Research Watch: Benzene trends

Research Watch: Benzene Benzene trends. Benzene, a known human ca...

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AIR Benzene trends Benzene, a known human carcinogen, is emitted to the atmosphere from both mobile and stationary sources. T. F. Dann and D. K. Wang monitored benzene in ambient air from more than 30 urban, suburban and rural locations in Canada between 1989 and 1993. They used this extensive database to determine trends in overall ambient concentrations such as seasonal and day-ofweek concentration variations, and source influence on concentration variations. The average benzene concentration was 3 ug/m 3 . At sites characterized predominantly by mobile sources, concentrations decreased 20%; concentrations at industrial source sites decreased 33%. Seasonal variation trends were similar for all sites; the highest concentrations occurred in winter months. Concentrations also were higher on weekdays, particularly at primarily mobile source sites. \J. Air Waste Manage. Assoc. 1995, 45(9), 695-702]

Pesticide metabolites contaminate groundwater Emerging evidence shows that pesticide metabolites are a major groundwater contaminant. D. W. Kolpin and colleagues studied pesticides and their metabolites in 303 wells in 12 Midwestern states. They analyzed 837 samples for alachlor, atrazine, cyanazine, dacthal, DDT, simazine, and selected metabolites. Of the six most frequently detected compounds, five were pesticide metabolites. About 25% of the wells sampled contained one or more of the pesticides above the reporting limit of 0.05 pg/L; metabolites were detected in 39.6% of the wells. Though regulatory levels have been set for most pesticides, levels for most metabolites have not been considered. The authors call for more study to determine degradation products and pathways for pesticides. [Environ. Sci. Technol., this issue, 335-40)

DRINKING WATER BIODEGRADATION Microbe transport The successful use of microbial inoculants in soils requires the microorganisms to contact the chemicals. Physical adsorption to soil particles or filtration by small pores may inhibit microbe transport. In a study conducted by M. Devare and M. Alexander, about 1% of bacterial cells were transported through soil columns (1.5 cm) receiving up to 3.5 pore volumes of water. Phenanthrene added to the top of the column was rapidly mineralized, but that placed at the bottom of the column was not. Results suggest that extrapolation of laboratory data to field biodegradation studies requires the consideration of factors related to transport of the inoculum to the substrate. (Soil Sci. Soc. Am. J. 1995, 59, 1316-20)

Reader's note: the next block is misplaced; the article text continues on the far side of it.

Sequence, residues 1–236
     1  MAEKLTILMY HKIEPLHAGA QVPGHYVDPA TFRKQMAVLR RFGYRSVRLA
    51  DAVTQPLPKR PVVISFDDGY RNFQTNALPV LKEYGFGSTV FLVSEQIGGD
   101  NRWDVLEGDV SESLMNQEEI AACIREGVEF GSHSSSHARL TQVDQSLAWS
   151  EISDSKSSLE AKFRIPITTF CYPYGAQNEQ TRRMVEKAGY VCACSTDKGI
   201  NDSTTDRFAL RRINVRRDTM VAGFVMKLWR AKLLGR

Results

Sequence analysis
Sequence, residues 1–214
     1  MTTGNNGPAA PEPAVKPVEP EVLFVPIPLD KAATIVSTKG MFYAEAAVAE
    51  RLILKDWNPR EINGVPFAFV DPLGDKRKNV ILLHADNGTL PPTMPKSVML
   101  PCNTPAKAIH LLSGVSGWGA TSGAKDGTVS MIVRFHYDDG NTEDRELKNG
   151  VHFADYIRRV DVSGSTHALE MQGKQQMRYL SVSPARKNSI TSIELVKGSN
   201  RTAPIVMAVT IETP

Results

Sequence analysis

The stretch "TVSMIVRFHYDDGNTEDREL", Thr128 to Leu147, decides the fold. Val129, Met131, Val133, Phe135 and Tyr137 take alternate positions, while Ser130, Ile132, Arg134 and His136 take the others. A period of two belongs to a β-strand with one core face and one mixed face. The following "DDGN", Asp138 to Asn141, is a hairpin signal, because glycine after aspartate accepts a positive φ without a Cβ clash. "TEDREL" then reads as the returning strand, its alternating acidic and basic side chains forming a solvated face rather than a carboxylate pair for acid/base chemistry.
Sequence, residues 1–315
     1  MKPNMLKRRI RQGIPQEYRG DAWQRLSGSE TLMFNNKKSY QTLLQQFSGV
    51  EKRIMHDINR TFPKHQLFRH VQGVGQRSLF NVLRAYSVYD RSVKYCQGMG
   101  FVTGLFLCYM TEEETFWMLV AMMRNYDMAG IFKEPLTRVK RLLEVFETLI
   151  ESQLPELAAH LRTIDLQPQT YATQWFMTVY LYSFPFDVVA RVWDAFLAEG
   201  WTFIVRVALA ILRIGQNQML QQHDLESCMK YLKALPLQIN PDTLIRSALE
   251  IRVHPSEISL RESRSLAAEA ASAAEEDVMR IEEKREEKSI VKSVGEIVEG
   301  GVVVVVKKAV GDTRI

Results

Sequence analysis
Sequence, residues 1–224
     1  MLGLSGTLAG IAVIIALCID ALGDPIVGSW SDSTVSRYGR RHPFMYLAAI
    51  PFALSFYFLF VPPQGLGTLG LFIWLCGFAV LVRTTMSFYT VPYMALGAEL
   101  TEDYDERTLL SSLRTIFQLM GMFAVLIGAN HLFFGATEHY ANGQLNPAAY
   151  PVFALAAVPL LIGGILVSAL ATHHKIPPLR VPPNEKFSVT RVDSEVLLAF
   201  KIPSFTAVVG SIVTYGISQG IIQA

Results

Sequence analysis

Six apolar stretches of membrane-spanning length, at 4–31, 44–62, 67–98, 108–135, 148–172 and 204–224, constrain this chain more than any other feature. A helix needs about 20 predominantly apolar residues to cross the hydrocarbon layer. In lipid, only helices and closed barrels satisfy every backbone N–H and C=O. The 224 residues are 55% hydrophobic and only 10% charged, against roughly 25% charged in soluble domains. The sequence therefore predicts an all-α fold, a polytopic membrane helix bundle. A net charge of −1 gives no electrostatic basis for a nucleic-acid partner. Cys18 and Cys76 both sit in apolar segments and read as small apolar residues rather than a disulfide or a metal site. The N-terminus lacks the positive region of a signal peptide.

MEASUREMENTS Analyzing aerosols Analysis of organic compounds in atmospheric aerosols can be performed with solvent extraction methods, which have long collection periods, or with thermal desorption methods, which have shorter collection periods. Long collection periods are problematic because of air mass composition changes during sampling; thermal desorption methods can experience problems from thermal degradation or poor desorption of some compounds. K. J. Hansen and colleagues developed a method using an integrated sampling and supercritical fluid extraction (SFE) cell. They compared the procedure to thermal desorption, which has similar collection characteristics. The techniques proved to be complementary, with similar results on most compounds by both techniques. The SFE procedure improved detection of compounds with low volatility. The thermal desorption technique was more effective for some alkylbenzenes. [Anal. Chem. 1995, 67(19), 3541-49]

Microbial filtration The chlorine levels usually used in drinking water treatment are not very effective in removing Giardia cysts and Cryptosporidium oocysts. Conventional treatment processes and direct filtration are used to remove enough of the cysts and oocysts to make chlorination effective. E. C. Nieminski and J. E. Ongerth evaluated the effectiveness of water treatment plants that use conventional treatment and direct filtration for removing Giardia and Cryptosporidium. Results indicated that removal was highly correlated to raw water quality and system turbidity removal. The removal of cyst-size particulates was an indicator of cyst and oocyst removal effectiveness in either system. Removal of heterotrophic bacteria did not correlate with oocyst removal. (J. Am. Water Works Assn. 1995, 87, 96-106)

MODELING Bioconcentration potential In assessing toxicological risk from a xenobiotic chemical, its potential to bioconcentrate must be determined. A first-order, single-compartment model has been used to explain bioconcentration as a diffusive mass-transfer (DMT) process. The octanol-water partition coefficient acts as a predictive parameter for bioconcentration potential in this model. But it does not suitably characterize ionic surfactants. J. Tolls and D. Sijm used the model to examine the relationship between bioconcentration and hydrophobicity for surfactants. They found that the critical micelle concentration could be used to indicate the degree of hydropho-